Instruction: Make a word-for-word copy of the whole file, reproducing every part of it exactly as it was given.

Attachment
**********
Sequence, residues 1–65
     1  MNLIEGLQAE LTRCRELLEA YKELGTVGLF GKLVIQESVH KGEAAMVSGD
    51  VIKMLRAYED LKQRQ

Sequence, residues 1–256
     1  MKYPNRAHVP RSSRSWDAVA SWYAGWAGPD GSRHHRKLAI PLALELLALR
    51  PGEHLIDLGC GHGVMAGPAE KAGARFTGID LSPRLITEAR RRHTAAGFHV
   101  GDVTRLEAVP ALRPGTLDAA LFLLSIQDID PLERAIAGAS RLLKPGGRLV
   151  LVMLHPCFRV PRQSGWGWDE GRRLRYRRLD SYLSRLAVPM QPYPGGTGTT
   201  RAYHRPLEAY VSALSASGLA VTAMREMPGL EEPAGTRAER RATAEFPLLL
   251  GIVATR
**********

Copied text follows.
Sequence, residues 1–65
     1  MNLIEGLQAE LTRCRELLEA YKELGTVGLF GKLVIQESVH KGEAAMVSGD
    51  VIKMLRAYED LKQRQ

Sequence, residues 1–256
     1  MKYPNRAHVP RSSRSWDAVA SWYAGWAGPD GSRHHRKLAI PLALELLALR
    51  PGEHLIDLGC GHGVMAGPAE KAGARFTGID LSPRLITEAR RRHTAAGFHV
   101  GDVTRLEAVP ALRPGTLDAA LFLLSIQDID PLERAIAGAS RLLKPGGRLV
   151  LVMLHPCFRV PRQSGWGWDE GRRLRYRRLD SYLSRLAVPM QPYPGGTGTT
   201  RAYHRPLEAY VSALSASGLA VTAMREMPGL EEPAGTRAER RATAEFPLLL
   251  GIVATR